21st June 1919: The German fleet is scuttled at Scapa Flow

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It’s important to remember for this story that wars have two ending points. There’s the armistice that stops the actual fighting, and then a lengthy peace process will usually result in a full treaty ending the war. After the armistice ended World War I fighting on Nov. 11, 1918, a large portion of the German navy was interned for the treaty process.

The navy had been largely sidelined during the war thanks to a British blockade, so it was largely intact that November. And the Allied powers, in order to ensure that Germany went through with the peace process, demanded that the nation’s most powerful and modern fleet be sequestered at a neutral port.

But, no nearby neutral port agreed to accept the ships, and so 70 of Germany’s best vessels were sent to the British harbor at Scapa Flow, a natural harbor that housed one of the British fleets. Four other German ships would later meet them there.

This Coastie crossed the English Channel 10 times on D-Day

Three German ships, the Emden, Frankfurt, and Bremse, enter Scapa Flow on November 24, 1918.

(Royal Navy)

When the German ships were officially handed over on November 21, literally hundreds of ships and thousands of people were present to watch the event. Over 190 Allied ships escorted the first batch of 70 German ships to surrender, making that day the largest concentration of naval power in the history of mankind, even if 70 of the ships had breech blocks in their guns to prevent a sudden return to hostilities.

But the fleet languished there for months. Morale on the German ships was bad during the war and worse while they were confined to ships on short rations in British territory. And the German commander had an order from his superiors to prevent the seizure of the ships by any means necessary.

The German navy seems to have believed that the ships would eventually be returned, Britain wanted to see them scrapped, and the rest of the Allies wanted to divvy them up. But as the negotiations in France made it clear that Germany would not get the ships back, German Adm. Ludwig von Reuter planned for how to destroy his own fleet.

A German destroyer largely flooded at Scapa Flow in 1919.

(Royal Navy)

He knew that the deadline for Germany to sign the treaty or face a resumption of hostilities was June 21, 1919. So, at 10:30 a.m., after he saw the bulk of the British fleet at Scapa Flow depart for maneuvers, he sent out the innocuous-sounding signal to scuttle the fleet, “Paragraph 11; confirm.”

He didn’t know that the deadline had been extended to June 23, but this actually worked out well for him. The British commander had plans to seize the German ships on June 23 if the German diplomats still hadn’t signed the treaty by then.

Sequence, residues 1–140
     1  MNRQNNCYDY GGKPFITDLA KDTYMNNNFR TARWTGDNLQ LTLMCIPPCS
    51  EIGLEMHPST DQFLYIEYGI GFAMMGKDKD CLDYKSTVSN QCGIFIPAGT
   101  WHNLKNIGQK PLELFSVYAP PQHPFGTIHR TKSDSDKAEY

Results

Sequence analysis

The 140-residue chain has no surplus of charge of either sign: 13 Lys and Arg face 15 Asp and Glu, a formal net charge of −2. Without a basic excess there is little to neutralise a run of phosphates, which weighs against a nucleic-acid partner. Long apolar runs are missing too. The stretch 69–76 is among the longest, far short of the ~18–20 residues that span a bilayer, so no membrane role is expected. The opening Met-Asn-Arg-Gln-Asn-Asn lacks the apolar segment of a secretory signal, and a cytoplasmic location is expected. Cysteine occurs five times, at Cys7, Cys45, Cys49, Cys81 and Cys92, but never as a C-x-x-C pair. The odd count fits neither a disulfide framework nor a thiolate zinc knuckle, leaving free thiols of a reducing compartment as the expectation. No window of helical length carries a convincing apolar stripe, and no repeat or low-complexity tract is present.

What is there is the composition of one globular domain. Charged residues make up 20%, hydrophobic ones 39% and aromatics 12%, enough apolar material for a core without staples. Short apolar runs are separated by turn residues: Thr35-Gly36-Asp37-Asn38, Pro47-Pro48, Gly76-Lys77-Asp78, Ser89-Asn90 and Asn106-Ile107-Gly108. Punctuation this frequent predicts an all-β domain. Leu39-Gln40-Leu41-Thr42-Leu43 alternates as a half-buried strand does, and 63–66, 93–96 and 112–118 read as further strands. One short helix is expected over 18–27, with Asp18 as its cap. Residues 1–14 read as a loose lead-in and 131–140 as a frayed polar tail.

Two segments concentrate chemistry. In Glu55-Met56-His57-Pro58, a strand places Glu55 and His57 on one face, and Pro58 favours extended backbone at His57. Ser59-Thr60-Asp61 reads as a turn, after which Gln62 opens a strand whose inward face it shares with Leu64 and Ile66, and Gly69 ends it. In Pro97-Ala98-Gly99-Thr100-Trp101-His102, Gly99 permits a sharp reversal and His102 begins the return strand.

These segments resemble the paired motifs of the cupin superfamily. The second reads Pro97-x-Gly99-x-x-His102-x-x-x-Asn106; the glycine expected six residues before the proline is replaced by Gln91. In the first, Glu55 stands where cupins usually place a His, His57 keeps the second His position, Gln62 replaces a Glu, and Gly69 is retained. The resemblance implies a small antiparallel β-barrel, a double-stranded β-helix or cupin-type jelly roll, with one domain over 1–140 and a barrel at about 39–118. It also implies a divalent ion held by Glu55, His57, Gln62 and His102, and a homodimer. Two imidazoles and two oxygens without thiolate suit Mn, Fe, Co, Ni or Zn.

And so the ships suddenly began to sink. The German sailors raised their German navy flags from their masts for the first time since they had arrived in the harbor. British sailors in the harbor quickly alerted their own fleet as to what was happening, and the fleet rushed back to save what it could.

The sight they met when they re-entered the harbor was surreal. As Sub-Lieutenant Edward Hugh Markham David said when he wrote to his mother of the events:

A good half of the German fleet had already disappeared, the water was one mass of wreckage of every description, boats, carley floats, chairs, tables and human beings, and the ‘Bayern’ the largest German battleship, her bow reared vertically out of the water was in the act of crashing finally bottomwards, which she did a few seconds later, in a cloud of smoke bursting her boilers as she went.

The German admiral proceeded to the British flagship and declared that he had “come to surrender my men and myself. I have nudding else.”

British sailors were quickly dispatched to the sinking ships to re-close the valves and pump water out. Some British sailors nearly drowned in this endeavor, but they saved 22 of the ships as 52 settled into the mud at the bottom.

This Coastie crossed the English Channel 10 times on D-Day

A salvage crew works on the largely underwater German battleship Baden after the Scuttling at Scapa Flow. The partially submerged ship at the left is the cruiser Frankfurt.

(Royal Navy)

The British sailors were under orders to only kill those Germans who refused to close valves when ordered or who resisted British actions to save the vessels. Nine German sailors were killed, but there is some controversy over whether all these sailors had resisted or not.

Still, it was the single largest loss of naval power in one day in human history, even though it was a calm day and no battle had actually taken place.

Salvage operators bought some of the ships in the later decades. One man, Ernest Cox, successfully ran the salvage of 30 ships before calling it quits. But many of the vessels sunk that day still remain on the harbor floor where they are now popular spots for divers.